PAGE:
Expert Advice for Brick-and-Mortar Stores Going Online

By Jennifer Schiff | Posted March 15, 2005

Yesterday, Jennifer Schiff profiled Two Jakes, a quirky furniture store that launched its e-commerce store last year. Today, JupiterResearch's Patti Freeman Evans talks about the growing trend of traditional stores finding success online

"Online retail growth continues at double-digit rates and will continue that way over the next five years," says Freeman Evans. "And the growth rate of traffic to retail sites is increasing at twice the rate of the rest of the Internet. That points to consumers becoming more and more comfortable with the online shopping experience. And that bodes well for small businesses [such as Two Jakes] that are currently playing the e-commerce game."

Additionally, using the Internet to sell your goods can be more cost effective than traditional print advertising, says Freeman Evans, especially when you consider the cross-marketing and partnership opportunities available online.

Of course just being online doesn't guarantee success. To improve your chances, Freeman Evans suggests the following strategies:

  • Have a competitive advantage — something that differentiates you from other online and offline retailers. It could be a unique product, a better price or better service. "If you have the same product that Wal-Mart or Saks sells, you don't have a differentiator," she says.
  • Be upfront about shipping time. "If it's going to take you five days to pick it, pack it and get it ready to ship, then tell the customer that."
  • Don't miss your shipping date.
  • Be patient. Just because you create an attractive Web site, have some sort of differentiator and have your fulfillment process down pat doesn't mean the money is going to come pouring in right way. "It could be a day or it could be two years [until you realize revenue from e-commerce]," says Freeman Evans. "It all depends."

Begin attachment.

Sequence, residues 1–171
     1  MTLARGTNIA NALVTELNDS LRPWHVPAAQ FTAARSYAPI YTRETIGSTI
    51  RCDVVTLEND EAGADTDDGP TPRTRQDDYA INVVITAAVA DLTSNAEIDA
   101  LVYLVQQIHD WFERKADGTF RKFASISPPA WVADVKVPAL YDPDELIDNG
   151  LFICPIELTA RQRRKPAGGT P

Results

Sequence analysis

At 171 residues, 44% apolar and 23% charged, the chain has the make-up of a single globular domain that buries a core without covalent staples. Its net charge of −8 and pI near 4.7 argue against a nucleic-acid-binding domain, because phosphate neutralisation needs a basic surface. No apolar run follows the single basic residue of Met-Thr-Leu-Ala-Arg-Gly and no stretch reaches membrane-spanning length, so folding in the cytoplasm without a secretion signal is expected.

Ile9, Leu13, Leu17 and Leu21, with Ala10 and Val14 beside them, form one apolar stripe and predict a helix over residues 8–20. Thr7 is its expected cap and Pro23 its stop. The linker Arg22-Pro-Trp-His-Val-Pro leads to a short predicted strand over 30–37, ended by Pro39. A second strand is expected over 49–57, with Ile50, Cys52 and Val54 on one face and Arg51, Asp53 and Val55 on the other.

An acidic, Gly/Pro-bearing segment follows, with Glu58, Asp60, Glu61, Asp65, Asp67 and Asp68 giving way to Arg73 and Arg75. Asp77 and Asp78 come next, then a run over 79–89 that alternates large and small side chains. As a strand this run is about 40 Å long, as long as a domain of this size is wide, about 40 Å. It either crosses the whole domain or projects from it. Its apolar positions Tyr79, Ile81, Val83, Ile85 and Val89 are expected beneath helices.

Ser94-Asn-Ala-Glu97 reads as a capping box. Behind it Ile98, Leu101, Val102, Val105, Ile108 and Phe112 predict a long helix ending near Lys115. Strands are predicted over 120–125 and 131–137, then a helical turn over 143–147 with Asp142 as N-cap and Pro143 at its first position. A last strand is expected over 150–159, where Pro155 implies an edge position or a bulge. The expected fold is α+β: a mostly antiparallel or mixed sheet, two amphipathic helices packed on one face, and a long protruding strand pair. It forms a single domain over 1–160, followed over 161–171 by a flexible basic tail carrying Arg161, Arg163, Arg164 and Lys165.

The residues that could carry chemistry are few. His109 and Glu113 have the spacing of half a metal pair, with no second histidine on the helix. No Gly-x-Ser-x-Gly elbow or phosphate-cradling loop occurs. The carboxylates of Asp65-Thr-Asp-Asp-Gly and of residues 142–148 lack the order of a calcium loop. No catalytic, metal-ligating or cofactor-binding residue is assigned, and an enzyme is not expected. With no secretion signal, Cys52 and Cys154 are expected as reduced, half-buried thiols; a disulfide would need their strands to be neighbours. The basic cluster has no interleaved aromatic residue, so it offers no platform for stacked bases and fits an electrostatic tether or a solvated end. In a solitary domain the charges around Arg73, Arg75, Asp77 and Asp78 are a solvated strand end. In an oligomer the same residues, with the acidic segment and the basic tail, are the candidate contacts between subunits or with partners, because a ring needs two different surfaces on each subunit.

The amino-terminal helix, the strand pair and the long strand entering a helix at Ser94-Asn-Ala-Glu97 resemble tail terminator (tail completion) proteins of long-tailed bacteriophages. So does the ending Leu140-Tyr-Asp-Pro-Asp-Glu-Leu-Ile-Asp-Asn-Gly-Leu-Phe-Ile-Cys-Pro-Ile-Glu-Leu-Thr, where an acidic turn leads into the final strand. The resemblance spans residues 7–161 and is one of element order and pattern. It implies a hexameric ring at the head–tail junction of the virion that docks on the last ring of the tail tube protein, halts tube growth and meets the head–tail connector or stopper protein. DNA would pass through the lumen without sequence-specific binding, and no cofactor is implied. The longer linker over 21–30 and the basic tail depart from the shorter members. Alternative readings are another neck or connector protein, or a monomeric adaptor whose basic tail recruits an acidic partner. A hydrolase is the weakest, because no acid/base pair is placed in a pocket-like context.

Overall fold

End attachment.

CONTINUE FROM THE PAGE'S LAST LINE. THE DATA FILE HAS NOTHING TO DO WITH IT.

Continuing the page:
"The great thing about being online is you don't have to invest in a real estate contract. And during the initial stages, you don't have to invest in too much additional inventory," stresses Freeman Evans. "You can test different practices to find out what's going to work."

You also don't have to set up your own e-commerce site. "You could put up a storefront on eBay or on Yahoo! very quickly and benefit from the marketing they do to help small businesses grow," says Freeman Evans. "You don't have to do it all on your own."

For brick-and-mortar retailers concerned that an online outlet could cannibalize their existing business, Freeman Evans says not to worry. "You're going to get exposure outside your natural trade area," which can only improve business.

Moreover, consumers like multi-channel shopping. They do a lot of research online, but they tend to shop offline.

"If you're evaluating your Web site solely on the basis of the sales it generates, that's fine. But that underestimates the impact that the online experience has on your offline sales, which can be very great. Based on online research we think that for every dollar people spend online, they spend six offline."

Which is very good news for businesses like Two Jakes.

Adapted from ECommerce-Guide.com, part of Internet.com's Small Business Channel.

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